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Off-the-Grid Cabin in Arkansas

By Dwell @dwell
Published as:  Pride of the Ozarks Stocked with green features, an inexpensive off-the-grid retreat in Arkansas provides its owner peace of mind through its clean-lined architecture. Slideshow modern green arkansas cabin cement panels facade

Cement panels painted a plum hue clad Jason Gordon’s 1,157-square-foot cabin in the Ozark Mountains. Architect German Brun originally specified wood, but opted for the much less expensive material from James Hardie after contractor Damian Fitzpatrick recommended it. “It was an exercise in cost engineering,” Brun says.

For years, architect Germán Brun and practicing Buddhist Jason Gordon—members of the same Miami soccer team—casually batted ideas around for a cabin. “Then one day, it finally happened,” Brun says. Gordon’s plot of land sits within the Katog Choling Rit’hröd Buddhist center in the Ozark Mountains, and he wanted to create a haven that echoed its philosophy. (Gordon’s longtime teacher and mentor, Khentrul Rinpoche, established the retreat in 2006.) “My idea was to live off the grid and to live simply,” Gordon says.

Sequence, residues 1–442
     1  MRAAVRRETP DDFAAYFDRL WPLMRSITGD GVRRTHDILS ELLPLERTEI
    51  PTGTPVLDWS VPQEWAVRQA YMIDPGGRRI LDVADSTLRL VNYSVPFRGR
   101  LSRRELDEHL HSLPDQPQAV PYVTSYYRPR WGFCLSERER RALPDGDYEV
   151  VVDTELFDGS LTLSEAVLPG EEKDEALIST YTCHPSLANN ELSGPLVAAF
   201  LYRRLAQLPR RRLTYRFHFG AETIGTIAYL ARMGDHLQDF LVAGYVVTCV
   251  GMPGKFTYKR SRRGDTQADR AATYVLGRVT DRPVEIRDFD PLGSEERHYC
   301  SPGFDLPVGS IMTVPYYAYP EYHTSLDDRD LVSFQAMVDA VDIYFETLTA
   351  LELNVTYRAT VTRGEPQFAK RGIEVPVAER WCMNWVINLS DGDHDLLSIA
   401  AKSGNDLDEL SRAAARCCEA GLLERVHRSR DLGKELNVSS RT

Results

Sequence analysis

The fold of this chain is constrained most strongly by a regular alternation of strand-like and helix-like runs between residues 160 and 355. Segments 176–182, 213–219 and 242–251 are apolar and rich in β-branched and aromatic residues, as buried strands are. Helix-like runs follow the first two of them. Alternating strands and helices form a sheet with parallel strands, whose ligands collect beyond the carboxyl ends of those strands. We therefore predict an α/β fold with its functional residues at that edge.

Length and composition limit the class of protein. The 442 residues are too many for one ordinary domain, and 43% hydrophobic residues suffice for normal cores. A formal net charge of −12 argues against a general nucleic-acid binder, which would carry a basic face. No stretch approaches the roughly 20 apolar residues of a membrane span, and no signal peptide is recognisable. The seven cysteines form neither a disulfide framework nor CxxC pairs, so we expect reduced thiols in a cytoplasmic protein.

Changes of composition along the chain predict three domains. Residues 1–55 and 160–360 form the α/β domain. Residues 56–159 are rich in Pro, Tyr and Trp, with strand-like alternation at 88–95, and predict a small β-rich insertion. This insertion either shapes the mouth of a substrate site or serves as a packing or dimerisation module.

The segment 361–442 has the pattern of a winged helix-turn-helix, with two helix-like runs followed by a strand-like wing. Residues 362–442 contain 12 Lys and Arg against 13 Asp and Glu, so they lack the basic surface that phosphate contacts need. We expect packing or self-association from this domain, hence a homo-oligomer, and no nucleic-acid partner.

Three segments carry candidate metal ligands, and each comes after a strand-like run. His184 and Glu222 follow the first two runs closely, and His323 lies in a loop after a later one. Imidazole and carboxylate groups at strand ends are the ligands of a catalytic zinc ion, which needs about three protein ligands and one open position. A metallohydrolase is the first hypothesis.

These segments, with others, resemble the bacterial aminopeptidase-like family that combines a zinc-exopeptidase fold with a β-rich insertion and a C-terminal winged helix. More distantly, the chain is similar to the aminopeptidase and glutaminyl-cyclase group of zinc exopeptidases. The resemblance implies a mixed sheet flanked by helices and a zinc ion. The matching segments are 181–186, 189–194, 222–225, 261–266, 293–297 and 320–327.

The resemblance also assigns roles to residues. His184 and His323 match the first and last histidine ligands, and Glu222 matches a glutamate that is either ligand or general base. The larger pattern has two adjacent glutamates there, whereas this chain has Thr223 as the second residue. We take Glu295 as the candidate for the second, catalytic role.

Completed in fall 2013 for just over $118,000, Gordon’s 1,157-square-foot house was designed to have as little of an impact on its environment as possible. Green elements include a photovoltaic array, a rainwater catchment system, and a pier footing foundation that elevates the house over the land, minimizing site disturbance. The restrained interior features bamboo flooring, Vermont slate tile, recycled paper countertops, and ample glass to showcase the surrounding deciduous forest. “When I go inside, my mind expands,” Gordon says. “The interior offers clarity and calm."

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